- The Olympic Adventure Trail. This was probably my favorite highlight of the whole trip. The Olympic Adventure Trail is 25-miles of super fun, flowy, and scenic singletrack on the Olympic Peninsula. I’d go back just to do it again!
- Lower Big Quilcene Trail. This is another stretch of singletrack coming into the town of Quilcene on the Olympic Peninsula. It’s super scenic and mostly (trending) downhill.
- Food and brews. Washington is known for its good food, including seafood, and this route does not disappoint. There are great restaurants, wineries, and breweries all along the way. I mention my favorites in the day-by-day itinerary section.
- Every day had redeeming qualities. Even if a climb sucked or we hit snow or the weather was less than idea, each day brought along something magical as well. After trudging through snow on the Olympic Peninsula, we had a glorious half hour of sunbathing next to the lake. In Eastern Washington, the wheat fields went on forever but we the food, brews, and camping in Ritzville were all awesome.
- The climbing… There is A LOT of climbing on this route. In fact, you’ll collectively gain almost 3,000 ft from the start on the Pacific Coast and the end in Tekoa (or Spokane). Be prepared for some big climbing days with crazy steep pitches.
- Weather & climate. We lucked out with mostly beautiful weather for our trip, but depending on the season, the weather can be cold, rainy, blazing hot, windy or all of the above. Even though we didn’t really get rained on (🙏), we were cold and wet from the humidity for pretty much all of the Olympic Peninsula. We also ran into some super strong headwinds past Wenatchee.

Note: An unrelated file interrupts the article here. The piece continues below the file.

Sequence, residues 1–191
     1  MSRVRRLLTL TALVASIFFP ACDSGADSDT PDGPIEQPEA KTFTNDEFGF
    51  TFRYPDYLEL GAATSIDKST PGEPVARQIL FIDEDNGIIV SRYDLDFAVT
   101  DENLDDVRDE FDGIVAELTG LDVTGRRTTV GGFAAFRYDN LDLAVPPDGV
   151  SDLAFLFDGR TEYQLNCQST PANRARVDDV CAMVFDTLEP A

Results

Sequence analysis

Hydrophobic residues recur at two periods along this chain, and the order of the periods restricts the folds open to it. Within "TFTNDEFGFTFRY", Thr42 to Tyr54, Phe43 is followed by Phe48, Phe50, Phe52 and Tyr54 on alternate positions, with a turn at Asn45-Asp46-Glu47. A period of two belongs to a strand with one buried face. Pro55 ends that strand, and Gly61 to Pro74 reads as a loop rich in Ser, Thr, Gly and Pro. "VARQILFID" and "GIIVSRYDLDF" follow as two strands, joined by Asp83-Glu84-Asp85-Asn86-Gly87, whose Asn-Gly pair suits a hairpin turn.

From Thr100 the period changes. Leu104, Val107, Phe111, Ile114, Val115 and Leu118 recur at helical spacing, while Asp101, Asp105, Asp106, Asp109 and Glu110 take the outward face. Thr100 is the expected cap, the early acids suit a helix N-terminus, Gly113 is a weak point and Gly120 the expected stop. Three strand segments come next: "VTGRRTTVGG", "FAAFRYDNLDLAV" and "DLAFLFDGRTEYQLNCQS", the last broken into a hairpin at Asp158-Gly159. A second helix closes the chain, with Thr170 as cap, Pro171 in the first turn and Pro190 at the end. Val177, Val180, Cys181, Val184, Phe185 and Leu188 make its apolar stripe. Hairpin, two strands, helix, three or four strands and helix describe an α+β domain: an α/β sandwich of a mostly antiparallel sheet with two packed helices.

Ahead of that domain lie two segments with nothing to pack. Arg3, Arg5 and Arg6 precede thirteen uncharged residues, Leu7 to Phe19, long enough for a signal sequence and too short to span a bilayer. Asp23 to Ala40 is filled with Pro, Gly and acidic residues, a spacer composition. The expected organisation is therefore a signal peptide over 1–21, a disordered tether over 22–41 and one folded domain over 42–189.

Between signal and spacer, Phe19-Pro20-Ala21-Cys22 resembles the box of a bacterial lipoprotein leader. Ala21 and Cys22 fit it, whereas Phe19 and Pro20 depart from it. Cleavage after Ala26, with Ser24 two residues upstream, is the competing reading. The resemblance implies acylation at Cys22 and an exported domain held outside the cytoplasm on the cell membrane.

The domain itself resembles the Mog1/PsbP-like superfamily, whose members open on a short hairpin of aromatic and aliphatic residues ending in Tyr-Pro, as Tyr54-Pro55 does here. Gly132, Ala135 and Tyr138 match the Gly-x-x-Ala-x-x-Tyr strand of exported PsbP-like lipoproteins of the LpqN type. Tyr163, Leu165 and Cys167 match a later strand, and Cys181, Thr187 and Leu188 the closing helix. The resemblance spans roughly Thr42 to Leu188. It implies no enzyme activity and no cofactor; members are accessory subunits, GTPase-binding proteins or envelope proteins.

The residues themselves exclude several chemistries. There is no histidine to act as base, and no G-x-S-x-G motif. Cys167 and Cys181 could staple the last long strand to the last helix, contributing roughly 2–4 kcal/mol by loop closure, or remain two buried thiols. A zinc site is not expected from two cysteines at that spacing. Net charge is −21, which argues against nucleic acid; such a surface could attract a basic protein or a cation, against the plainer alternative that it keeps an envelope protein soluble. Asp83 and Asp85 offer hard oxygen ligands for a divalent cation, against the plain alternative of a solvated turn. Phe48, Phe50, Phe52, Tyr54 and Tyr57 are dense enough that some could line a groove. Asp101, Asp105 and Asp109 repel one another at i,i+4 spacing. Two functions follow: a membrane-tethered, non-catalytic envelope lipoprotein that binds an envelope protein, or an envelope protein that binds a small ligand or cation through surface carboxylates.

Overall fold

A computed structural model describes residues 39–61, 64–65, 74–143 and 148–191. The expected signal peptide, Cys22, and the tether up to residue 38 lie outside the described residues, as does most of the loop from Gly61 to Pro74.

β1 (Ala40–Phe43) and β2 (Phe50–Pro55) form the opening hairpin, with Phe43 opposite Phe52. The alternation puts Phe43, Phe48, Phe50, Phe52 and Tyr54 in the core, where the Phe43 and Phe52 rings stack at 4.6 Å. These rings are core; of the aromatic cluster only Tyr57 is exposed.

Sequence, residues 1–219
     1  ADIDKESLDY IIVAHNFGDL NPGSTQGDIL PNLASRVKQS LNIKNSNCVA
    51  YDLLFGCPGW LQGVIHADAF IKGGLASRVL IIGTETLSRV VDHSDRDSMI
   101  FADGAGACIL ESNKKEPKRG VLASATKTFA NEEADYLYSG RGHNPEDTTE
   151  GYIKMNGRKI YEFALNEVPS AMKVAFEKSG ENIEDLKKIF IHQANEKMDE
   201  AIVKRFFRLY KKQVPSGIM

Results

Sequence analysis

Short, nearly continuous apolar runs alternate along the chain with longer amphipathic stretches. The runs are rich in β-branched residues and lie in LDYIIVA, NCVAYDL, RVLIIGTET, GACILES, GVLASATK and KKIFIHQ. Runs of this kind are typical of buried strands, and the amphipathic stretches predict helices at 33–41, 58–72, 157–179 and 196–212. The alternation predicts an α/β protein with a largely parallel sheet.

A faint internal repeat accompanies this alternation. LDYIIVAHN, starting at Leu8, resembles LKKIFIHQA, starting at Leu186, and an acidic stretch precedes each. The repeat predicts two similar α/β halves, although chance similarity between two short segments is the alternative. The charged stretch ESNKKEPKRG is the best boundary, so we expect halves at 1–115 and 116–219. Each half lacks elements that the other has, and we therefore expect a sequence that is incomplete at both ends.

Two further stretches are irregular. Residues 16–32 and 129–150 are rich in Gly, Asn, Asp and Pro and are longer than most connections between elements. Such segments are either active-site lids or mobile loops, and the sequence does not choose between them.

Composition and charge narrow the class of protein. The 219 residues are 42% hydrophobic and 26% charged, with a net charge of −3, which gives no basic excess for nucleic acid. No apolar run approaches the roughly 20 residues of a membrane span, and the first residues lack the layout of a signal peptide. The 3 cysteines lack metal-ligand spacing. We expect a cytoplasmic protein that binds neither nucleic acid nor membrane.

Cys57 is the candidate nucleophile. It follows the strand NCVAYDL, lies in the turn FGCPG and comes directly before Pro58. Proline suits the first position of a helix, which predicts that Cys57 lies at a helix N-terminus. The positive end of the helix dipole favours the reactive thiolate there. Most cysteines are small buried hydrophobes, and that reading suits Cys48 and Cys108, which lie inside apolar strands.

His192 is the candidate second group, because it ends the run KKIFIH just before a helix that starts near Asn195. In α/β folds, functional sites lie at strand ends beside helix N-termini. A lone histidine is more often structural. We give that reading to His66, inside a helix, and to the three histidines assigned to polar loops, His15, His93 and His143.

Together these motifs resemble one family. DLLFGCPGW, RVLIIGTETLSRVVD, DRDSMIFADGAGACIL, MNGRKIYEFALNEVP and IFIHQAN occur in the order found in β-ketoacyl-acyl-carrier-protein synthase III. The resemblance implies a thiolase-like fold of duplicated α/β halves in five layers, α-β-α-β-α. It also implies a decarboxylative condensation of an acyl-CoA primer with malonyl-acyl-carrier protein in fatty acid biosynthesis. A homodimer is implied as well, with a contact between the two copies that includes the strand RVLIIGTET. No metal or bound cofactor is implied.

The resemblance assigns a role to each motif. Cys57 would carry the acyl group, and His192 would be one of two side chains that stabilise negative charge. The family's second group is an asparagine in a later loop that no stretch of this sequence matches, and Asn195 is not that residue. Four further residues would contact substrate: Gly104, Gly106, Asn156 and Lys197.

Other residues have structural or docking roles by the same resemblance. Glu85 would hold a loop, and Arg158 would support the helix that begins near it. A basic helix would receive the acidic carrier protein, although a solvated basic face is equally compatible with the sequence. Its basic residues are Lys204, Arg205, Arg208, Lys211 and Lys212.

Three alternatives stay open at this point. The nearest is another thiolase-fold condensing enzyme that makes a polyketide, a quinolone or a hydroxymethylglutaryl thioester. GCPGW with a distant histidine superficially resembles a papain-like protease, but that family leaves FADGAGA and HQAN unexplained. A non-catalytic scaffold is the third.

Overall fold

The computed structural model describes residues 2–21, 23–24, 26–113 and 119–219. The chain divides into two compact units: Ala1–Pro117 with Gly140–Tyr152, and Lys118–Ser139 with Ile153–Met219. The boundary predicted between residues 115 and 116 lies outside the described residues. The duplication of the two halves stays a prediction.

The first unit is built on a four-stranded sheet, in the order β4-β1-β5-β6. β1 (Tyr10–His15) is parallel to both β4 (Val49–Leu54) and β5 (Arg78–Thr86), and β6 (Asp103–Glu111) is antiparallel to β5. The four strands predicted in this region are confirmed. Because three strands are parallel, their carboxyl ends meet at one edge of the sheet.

- Snow. We had to trudge through about 2 miles of deep snow on the first pass on the Olympic Peninsula and it was not fun (we rode in mid-May). We also ended up skipping the Mission Peak Pass from Cle Elum to Wenatchee because that was snowed in as well. This was a bummer, because supposedly that is one of the most scenic stretches of the whole ride!
- The Palouse to Cascades Rail Trail (formerly known as the John Wayne Trail) east of Lind. I’m not sure who decided it was a good idea to route the course on the Palouse to Cascades Rail Trail east of the town of Lind, but it is terrible. I mean terrible. Either the deep gravel sucks your wheels into its depths (and I was running 2.5 tires) or it’s so riddled with loose rocks and shale that it makes pedaling painfully slow and jarring. It was miserable (and I like riding on dirt and rocks!). Oh, and to make matters even worse, there are tons of gates along the rail trail that you need to open and shut.
Thankfully, there are very nice and quiet paved roads that parallel the rail trail and we had no qualms about bailing to ride on those. To read more about how we avoided the deep gravel, teeth-rattling rocks, and gates see our day-by-day itinerary below.(We diverged from the main route in Ritzville to head to Spokane, so I can’t speak to the quality of the Palouse to Cascades Rail Trail from Ritzville to the end in Tekoa. I hope it gets better for your sake!).
How To Get To the Start
One of the most challenging parts of doing the Cross Washington Mountain Bike Route is getting to the start in La Push (or Rialto Beach for us since La Push was closed due to covid) because it’s so remote. If you have a very nice friend that will drive you, that is of course the best way to go, but depending on where you’re coming from, it’s a hefty drive all the way out to the west coast of the Olympic Peninsula. Here’s how we did it:
Spokane to Edmonds: We left our cars at a friend’s house in Spokane and took the 2:15 am Amtrak train from the station in Spokane to Edmonds. It was pretty straightforward and took about 7 hours. The train wasn’t very full, so we were able to stretch out on the seats and get a little shuteye. When booking your train tickets, be sure to add bicycles ($20 each). Unfortunately, you will need to take your bikepacking bags off before you board, which is a pain… (they did let us keep our handlebar rolls and frame bags on, so ask before you remove everything).